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Genome Biol. 2002 Jun 25;3(7):RESEARCH0035. Epub 2002 Jun 25.

Gene-expression profiling of the response of peripheral blood mononuclear cells and melanoma metastases to systemic IL-2 administration.

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Immunogenetics Section, Department of Transfusion Medicine, Clinical Center, National Cancer Institute, National Institutes of Health, Bethesda, Maryland 20892, USA.



Interleukin-2 (IL-2) has direct pluripotent effects on cells with immune and inflammatory function. Which of these effects has a critical role in mediating tumor regression remains enigmatic. In this study, we compared early changes in transcriptional profiles of circulating mononuclear cells with those occurring within the microenvironment of melanoma metastases following systemic IL-2 administration.


The results suggest that the immediate effects of IL-2 administration on the tumor microenvironment is transcriptional activation of genes predominantly associated with monocyte cell function; minimal effects were noted on migration, activation and proliferation of T cells. However, production of chemokines and markers of adhesion and migration within few hours of IL-2 administration may be responsible for a secondary recruitment of immune cells to the tumor site later.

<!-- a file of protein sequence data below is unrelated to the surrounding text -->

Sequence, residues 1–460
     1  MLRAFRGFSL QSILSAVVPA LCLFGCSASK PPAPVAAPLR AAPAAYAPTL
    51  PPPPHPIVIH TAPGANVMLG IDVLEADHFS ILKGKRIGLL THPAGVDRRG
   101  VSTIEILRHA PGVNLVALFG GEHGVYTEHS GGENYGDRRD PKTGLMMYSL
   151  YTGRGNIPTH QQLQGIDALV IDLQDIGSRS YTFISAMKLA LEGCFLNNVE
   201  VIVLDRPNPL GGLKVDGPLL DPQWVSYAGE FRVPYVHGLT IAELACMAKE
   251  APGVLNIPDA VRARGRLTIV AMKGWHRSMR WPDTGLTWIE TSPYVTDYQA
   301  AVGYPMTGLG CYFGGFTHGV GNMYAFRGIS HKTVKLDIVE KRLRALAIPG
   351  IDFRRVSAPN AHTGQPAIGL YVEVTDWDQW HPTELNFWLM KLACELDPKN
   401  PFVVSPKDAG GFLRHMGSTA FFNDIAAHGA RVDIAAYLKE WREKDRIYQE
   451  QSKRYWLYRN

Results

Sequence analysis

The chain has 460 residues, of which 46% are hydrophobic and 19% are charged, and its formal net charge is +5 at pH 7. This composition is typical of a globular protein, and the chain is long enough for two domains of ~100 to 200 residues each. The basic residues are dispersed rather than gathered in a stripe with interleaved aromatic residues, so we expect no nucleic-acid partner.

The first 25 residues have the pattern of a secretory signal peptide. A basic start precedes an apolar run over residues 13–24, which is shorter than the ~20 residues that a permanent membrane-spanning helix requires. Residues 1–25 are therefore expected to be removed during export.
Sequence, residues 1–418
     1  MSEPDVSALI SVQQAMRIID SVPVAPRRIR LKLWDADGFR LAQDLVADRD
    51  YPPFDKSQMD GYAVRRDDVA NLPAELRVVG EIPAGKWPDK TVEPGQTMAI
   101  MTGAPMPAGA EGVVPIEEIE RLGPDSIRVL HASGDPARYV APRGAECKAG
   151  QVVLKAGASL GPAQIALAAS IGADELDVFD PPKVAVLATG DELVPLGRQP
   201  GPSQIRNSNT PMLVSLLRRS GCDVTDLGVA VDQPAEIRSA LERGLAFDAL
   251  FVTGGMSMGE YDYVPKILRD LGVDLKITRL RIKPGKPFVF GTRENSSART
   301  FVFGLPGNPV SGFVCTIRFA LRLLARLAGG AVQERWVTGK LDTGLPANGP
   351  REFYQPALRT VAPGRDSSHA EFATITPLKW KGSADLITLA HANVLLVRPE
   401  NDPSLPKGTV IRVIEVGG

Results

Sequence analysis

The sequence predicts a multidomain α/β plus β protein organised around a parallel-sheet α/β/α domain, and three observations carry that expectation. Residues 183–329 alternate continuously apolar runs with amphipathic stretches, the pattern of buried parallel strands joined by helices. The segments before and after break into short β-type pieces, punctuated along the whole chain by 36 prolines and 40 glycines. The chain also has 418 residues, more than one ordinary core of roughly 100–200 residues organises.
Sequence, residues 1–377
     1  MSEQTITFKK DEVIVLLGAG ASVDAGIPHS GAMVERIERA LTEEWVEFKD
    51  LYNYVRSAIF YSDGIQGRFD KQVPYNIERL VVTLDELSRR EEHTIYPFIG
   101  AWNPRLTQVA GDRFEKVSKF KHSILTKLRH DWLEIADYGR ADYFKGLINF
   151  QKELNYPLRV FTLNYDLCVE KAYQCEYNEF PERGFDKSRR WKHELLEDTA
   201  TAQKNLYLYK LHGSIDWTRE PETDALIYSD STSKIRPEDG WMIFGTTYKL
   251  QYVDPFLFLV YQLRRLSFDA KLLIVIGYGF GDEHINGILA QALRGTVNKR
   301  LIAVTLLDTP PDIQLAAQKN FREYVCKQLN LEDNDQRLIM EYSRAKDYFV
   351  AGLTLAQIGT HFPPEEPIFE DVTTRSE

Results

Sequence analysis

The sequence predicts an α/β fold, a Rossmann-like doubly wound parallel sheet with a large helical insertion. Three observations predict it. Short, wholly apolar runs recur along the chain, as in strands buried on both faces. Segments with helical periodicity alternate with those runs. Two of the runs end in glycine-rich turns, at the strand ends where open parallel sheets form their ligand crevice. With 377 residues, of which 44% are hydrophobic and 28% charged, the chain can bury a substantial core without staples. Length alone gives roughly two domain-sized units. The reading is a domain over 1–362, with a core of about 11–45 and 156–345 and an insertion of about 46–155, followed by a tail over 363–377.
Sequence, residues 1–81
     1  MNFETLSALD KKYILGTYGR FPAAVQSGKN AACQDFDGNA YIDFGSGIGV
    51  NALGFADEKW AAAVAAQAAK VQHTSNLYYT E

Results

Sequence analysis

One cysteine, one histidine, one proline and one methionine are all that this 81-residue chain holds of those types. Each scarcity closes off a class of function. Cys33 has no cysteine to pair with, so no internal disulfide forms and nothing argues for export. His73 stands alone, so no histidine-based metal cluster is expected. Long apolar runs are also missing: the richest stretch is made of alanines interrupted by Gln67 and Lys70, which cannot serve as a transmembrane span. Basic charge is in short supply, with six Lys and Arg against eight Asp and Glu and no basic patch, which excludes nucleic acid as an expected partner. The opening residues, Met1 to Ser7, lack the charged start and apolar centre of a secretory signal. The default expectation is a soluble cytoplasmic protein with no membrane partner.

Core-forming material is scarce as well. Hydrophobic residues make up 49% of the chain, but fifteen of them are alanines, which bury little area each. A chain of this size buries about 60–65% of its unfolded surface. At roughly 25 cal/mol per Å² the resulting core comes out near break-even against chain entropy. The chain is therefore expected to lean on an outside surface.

Our results suggest that IL-2 induces inflammation at tumor sites with three predominant secondary effects: activation of antigen-presenting monocytes; massive production of chemoattractants that may recruit other immune cells to the tumor (including MIG and PARC, which are specific for T cells); and activation of cytolytic mechanisms in monocytes (calgranulin, grancalcin) and NK cells (NKG5, NK4).

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